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Friday NFL Draft Thoughts: A few linebackers could interest Green Bay on days two and three

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A pair of linebackers, both inside and on the edge, could interest the Packers as the draft progresses.

Marshall v Charlotte Photo by Jacob Kupferman/Getty Images

It’s Friday and time for another round of NFL Draft thoughts with the countdown to the big day down to just two weeks.

With the hype surrounding the wide receivers in this year’s draft and the Packers’ needs along the offensive line and interior of the defensive front, it has been easy to forget the linebacker prospects and the depth they could fill on Green Bay’s squad. This week’s edition of draft thoughts focuses on a player from both the inside and outside, as well as a look at some prospects to consider in the secondary.

Alex Highsmith could be a late-rising, second-day option on the edge

The back story of HIghsmith is incredible. The Charlotte 49er arrived to the team as a walk-on before earning a scholarship prior to the 2017 season and never skipped a beat. Highsmith went on to receive Conference USA accolades as both a junior and senior while earning third-team All-American recognition as a senior. The edge prospect racked up 14 sacks in 2019 and showed flashes of pass-rush potential even against his toughest opponents.

Yesterday, an anonymous player personnel assistant detailed several prospects of interest in this year’s draft and also named Highsmith as an eye-popping talent. That individual went as far as to say that Highsmith gave Clemson’s left tackle a more difficult time than Ohio State’s Chase Young, widely believed to be among the top two players overall this year. While Charlotte was no match for Clemson in the contest, Highsmith certainly held his own against the run as well as the pass, and his initial get-off allowed him to make several plays behind the line of scrimmage.

There is little doubt that Highsmith can improve his physicality at the position, but he is still young in his development. Despite that, he still displays a wide variety of pass-rushing moves between spins, inside swims, and straight speed, and can bend the corner well. Highsmith looked slippery at times from a stand-up position and had consistent effort no matter how much time was left on the clock. He’s a player that could find himself on Green Bay’s radar in round three as a 3-4 edge prospect.

A day-three middle linebacker could be targeted once again

If there are two things I know about the Packers, it’s that they have not typically spent premium draft capital on inside linebacker and that they scout Mississippi State University extensively. Green Bay had four former Bulldogs on the roster in 2019 and have drafted and priority picked up several over the past decade. This year, the Packers could fulfill both of the above criteria with one player.

Willie Gay, Jr. arrived to Starkville as a decorated hometown recruit and he showed flashes of stardom over his first two years in a maroon and white jersey. But Gay’s promising collegiate career was severely impacted by a junior season marred by an eight-game suspension and perhaps the middle linebacker should have stayed for his senior season. As it is, Gay has been firmly standing pat as a day-three prospect despite posting very athletic numbers at the Combine (4.46 forty, 39.5” vertical, 21 bench reps) and carrying much of that athleticism over to the field as a thickly-built 6’1,” 243-pound player.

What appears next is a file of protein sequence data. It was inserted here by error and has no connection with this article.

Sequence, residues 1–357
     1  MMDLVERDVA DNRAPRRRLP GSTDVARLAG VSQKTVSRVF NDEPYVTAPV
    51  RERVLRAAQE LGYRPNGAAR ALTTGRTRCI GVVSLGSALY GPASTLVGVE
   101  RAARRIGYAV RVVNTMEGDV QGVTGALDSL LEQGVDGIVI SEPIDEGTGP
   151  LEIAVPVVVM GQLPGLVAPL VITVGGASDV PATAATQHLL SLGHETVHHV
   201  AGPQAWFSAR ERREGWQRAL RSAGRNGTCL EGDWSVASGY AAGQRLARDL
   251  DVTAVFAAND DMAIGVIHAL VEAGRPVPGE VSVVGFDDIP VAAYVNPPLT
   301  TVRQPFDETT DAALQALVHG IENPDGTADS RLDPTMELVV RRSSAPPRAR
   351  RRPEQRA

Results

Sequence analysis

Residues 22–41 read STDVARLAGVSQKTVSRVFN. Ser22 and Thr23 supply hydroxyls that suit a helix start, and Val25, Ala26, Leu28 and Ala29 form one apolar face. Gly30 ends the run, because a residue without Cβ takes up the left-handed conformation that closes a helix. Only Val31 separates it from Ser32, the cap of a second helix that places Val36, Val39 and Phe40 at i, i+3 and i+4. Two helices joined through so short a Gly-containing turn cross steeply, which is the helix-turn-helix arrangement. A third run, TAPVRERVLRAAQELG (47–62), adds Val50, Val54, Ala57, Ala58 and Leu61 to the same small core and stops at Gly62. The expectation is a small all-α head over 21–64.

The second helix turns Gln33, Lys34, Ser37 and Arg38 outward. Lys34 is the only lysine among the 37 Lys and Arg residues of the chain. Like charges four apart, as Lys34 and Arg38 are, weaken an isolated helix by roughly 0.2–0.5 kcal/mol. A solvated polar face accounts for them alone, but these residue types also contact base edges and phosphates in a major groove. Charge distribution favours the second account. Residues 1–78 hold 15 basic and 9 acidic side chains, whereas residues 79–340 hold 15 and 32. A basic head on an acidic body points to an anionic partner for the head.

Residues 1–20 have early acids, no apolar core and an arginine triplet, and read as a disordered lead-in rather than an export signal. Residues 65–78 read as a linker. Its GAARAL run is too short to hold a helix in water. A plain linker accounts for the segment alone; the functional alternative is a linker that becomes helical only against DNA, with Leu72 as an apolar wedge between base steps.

There is no doubt that Gay has areas to improve on, showing inconsistency in his decision-making and angles that allow him to get swallowed up by blockers and allow larger gains. However, Gay has not played that many games overall and he does show plenty of physicality and speed to get to the sideline quickly when his instincts are correct. More tape during his junior year and a senior campaign likely would have vaulted Gay up draft boards in 2021. Right now, Gay could provide the Packers with depth at inside linebacker while he continues to learn the position behind Christian Kirksey and Oren Burks, and competes with Ty Summers. He’d be a potential steal on day three with measurables that are difficult to find at his position.

Cornerback early in the draft should not be overlooked

There is no doubt that the Packers have placed a lot of bets on first- and second-round cornerbacks over the past several years. As a result, the rather healthy unit made large strides in 2019 when there was growth among its members and the safety and edge-rushing positions were revamped. Cornerback is not a pressing need in this year’s draft, but looking ahead, it certainly could be one.

Kevin King is entering the final season of his rookie contract and his future is unknown after plenty of injuries and inconsistent play since joining the team. While Green Bay does have Jaire Alexander in the fold, the depth behind him is largely unproven in the form of Chandon Sullivan, Josh Jackson, and Ka’Dar Hollman. Tony Brown was once a promising undrafted pickup, but the Packers let him go during last season. While there are several avenues for the Packers to secure depth at cornerback within the next year, they could also begin preparing for a possible King departure now.

Players like Trevon Diggs, Kristian Fulton, and AJ Terrell could be late first-round options with combinations of size, speed, and length if still on the board when the Packers pick at 30. Behind them, Bryce Hall and Cameron Dantzler could be day-two alternatives worth considering. While it would make much more sense for Green Bay to load up offensively early in the draft, a cornerback in the first few selections would not be a surprise.